A lot of my students and clients are currently in the middle of writing their first working drafts of new work.  Something about the fall season and the urge to hunker down that writers pick up on, not to mention my MFA program‘s requirement for every student to turn in a working draft of a new full-length script by mid-December.  

So I feel compelled to once again remind all writers out there that it’s so important to keep your developing draft to yourself as you work your way through it for the first time.  In my view, it’s imperative that you protect this private process from all outside influence.  Other than sharing with a professional and experienced mentor or script consultant, you should embrace as a hard and fast rule to always keep your journey through that first draft a private experience. Otherwise you risk seriously contaminating your writing and your own artistic vision of the story you’re creating.

Nothing can destroy a first draft faster than to show pages to your close friends and other well-meaning people in your life.  They’ll want to and even feel obligated to give you feedback.  But the moment you allow people to give you input, you won’t be able to get it out of your head, whether it’s positive or negative.  It’s contamination either way.  You’ve let others into a place where they should never be allowed to enter.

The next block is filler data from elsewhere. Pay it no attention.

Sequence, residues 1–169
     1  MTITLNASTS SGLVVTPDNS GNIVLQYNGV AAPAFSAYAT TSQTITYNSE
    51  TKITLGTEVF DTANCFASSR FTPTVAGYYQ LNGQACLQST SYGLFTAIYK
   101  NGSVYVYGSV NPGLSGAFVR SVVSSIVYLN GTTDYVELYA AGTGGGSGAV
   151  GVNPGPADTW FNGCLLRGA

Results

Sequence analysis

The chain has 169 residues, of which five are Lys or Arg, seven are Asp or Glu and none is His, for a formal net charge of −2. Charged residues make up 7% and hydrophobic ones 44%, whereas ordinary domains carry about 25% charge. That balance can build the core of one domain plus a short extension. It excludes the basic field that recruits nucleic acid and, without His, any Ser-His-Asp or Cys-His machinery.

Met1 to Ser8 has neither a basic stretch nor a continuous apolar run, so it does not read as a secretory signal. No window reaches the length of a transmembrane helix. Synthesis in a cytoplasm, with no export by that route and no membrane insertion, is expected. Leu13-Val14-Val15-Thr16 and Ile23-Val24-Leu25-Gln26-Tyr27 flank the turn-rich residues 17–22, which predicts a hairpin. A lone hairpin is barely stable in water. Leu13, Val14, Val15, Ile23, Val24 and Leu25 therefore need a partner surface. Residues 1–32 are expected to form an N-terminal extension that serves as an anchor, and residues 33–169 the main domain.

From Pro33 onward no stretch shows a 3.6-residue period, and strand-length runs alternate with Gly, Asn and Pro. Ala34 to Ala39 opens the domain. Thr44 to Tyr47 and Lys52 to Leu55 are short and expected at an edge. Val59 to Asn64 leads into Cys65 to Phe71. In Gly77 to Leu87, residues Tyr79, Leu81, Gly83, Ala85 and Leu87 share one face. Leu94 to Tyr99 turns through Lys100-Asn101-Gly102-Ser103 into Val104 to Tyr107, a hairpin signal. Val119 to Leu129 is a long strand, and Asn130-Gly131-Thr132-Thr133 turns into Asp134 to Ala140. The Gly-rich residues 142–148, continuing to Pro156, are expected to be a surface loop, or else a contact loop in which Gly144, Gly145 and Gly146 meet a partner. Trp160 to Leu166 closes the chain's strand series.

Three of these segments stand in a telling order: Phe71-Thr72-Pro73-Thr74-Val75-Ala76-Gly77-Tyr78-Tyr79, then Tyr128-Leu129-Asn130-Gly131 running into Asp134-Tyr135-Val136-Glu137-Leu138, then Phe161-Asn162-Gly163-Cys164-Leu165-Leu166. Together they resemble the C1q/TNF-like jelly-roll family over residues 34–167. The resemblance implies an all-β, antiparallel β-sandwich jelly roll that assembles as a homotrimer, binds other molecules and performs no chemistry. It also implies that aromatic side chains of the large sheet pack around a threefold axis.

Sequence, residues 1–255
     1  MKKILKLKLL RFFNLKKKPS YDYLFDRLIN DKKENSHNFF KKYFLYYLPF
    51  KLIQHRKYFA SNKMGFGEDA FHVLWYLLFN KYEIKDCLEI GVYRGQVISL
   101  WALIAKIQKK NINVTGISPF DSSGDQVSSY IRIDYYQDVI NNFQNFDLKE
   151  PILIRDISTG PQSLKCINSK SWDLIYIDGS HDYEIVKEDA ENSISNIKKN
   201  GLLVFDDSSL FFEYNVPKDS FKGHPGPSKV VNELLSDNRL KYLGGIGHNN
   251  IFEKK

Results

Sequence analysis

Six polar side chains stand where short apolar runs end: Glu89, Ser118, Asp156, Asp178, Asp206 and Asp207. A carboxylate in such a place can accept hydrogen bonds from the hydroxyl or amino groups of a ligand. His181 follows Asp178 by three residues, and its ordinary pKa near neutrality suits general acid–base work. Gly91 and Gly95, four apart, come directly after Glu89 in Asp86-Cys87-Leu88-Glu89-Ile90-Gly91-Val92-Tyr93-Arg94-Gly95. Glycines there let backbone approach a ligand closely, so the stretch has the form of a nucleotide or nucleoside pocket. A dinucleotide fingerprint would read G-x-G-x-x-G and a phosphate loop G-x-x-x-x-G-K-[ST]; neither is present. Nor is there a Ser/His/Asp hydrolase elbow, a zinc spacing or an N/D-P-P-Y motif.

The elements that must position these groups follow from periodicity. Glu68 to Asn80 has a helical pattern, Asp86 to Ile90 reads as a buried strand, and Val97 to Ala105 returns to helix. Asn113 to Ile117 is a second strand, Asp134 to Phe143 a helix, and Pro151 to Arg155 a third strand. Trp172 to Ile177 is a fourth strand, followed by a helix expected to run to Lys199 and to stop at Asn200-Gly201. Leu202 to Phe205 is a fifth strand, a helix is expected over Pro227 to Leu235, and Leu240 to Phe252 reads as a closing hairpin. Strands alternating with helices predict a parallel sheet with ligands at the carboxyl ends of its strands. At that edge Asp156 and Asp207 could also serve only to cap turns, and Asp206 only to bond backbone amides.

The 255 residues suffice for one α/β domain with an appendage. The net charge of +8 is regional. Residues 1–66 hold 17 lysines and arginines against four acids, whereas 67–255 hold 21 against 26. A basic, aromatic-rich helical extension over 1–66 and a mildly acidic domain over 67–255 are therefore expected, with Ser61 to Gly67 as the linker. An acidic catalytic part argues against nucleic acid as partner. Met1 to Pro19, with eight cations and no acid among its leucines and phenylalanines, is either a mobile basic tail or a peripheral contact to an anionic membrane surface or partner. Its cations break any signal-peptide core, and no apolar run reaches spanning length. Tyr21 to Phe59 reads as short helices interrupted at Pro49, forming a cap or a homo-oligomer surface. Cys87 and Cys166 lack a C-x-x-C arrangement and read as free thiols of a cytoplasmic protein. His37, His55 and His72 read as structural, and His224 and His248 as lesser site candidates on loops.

Resisting this urge to share your first draft discoveries helps build an increasingly stronger and more intimate connection between you and your material.  It’s as if your relationship with your characters were taking on the deeper sense of trust and mutual confidence that you would have with real people.  What’s happening as you pile up pages is that your script becomes increasingly yours and your characters’ own secret and your unique source of strength.  This, in turn, produces an energy which helps propel you through to the end.  Even when you’re stuck on something and go through a few or many days of feeling lost, the experience remains a private one, shared only with the people inside the developing story.

The time will come soon enough when it’s necessary and useful to share your script with others and hear what they have to say.  In the writing of your first draft, however, it’s just as critical that you don’t.  

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I’m the Program Director of the low-residency MFA in Writing for Stage and Screen being offered by the New Hampshire Institute of Art.  Our last residency ran July 21-31, 2016 and we are now considering applications for starting the program with our January 2017 residency that runs January 6-15.  I’m also a playwright and screenwriter, producing partner in my production company Either/Or Films (The Sensation of Sight and Only Daughter) a professional script consultant, and the author of The Playwright’s Process.